Kirsch, Gelband, & Stone, PC

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Thursday, December 30, 2010

New York Times: Does old age and frailty preclude surgery?

"But thanks to a rather elegant piece of research by a Johns Hopkins team, recently published in The Journal of the American College of Surgeons, surgeons can give more informative answers when elderly patients in this situation, or their families, wonder what to do.

...frailty is a specific medical syndrome with measurable criteria.
They look for a series of declines that include weight loss (specifically, an unintentional loss of 10 pounds or more in the past year), a weaker grip, exhaustion and lack of physical activity, and a slower gait. The assessment takes perhaps 15 minutes to conduct in an office. Then the doctors assign a score: 0 to 1 for those who aren’t frail, 2 to 3 for the intermediately frail.
Patients who score 4 to 5 are frail. “They tend to have much less reserve, a decreased ability to bounce back” from physiological stress, said Dr. Fried, who previously taught at Johns Hopkins.
Might frailty scores be better at predicting how patients fare after surgery than the existing methods?
“The data are quite persuasive,” Dr. Fried said. “People who are frail before surgery are at higher risk for poor outcomes afterwards.”...
“If the risks are likely to be higher, it changes the equation as to whether the surgery has benefit,” Dr. Fried said.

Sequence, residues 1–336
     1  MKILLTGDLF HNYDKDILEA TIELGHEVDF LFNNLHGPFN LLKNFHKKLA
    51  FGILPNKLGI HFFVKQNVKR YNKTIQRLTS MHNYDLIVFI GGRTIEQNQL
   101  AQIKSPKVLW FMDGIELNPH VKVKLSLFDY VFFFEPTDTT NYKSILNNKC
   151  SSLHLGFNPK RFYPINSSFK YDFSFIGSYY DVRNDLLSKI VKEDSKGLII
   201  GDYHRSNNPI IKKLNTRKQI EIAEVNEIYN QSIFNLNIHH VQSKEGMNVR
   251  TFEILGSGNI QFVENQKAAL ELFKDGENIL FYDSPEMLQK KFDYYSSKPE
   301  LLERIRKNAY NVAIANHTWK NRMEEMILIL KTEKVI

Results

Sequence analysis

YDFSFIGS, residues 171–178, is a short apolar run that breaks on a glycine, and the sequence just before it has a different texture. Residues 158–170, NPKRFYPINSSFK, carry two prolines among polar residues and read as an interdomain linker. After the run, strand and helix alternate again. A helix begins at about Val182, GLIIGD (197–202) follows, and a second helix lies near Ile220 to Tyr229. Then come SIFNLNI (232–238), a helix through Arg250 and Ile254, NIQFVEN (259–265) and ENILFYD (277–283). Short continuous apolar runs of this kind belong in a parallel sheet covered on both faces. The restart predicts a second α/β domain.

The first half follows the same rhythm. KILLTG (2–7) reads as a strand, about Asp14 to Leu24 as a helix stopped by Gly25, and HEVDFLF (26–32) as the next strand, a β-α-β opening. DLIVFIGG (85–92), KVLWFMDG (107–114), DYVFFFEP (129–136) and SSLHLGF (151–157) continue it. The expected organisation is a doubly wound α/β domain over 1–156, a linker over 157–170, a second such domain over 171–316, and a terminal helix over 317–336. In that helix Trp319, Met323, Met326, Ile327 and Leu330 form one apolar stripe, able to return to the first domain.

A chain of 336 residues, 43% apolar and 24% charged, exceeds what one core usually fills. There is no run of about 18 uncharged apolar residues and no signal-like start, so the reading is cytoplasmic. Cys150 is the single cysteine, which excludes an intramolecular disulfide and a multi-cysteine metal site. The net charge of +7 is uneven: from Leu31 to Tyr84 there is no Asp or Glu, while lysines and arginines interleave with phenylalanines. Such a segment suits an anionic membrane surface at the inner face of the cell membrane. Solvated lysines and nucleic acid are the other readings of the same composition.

That 89-year-old patient, for example, turned out to be intermediately frail when Dr. Makary evaluated him using the frailty index. “I thought he was stronger,” he acknowledged. After considerable discussion, doctor and patient agreed not to remove the tumor, but to track it with annual scans.
Surgeons at Johns Hopkins have widely adopted the index to help make such pre-op decisions, and Dr. Makary says he has heard from surgeons at about a dozen other major medical centers who are also using it. In some cases, patients may decline surgery. In many, they and their families will have a more realistic idea of how long recovery may take and how much help they will need.
This is a question, Dr. Makary suggested, that older patients and their families ought to routinely ask their surgeons in fairly blunt terms: You want to operate on my father? You think he’s too old for surgery? What’s his frailty score?"  (Click on above title for complete article in December 2010 NY Times).   (source: NY Times December 2010).

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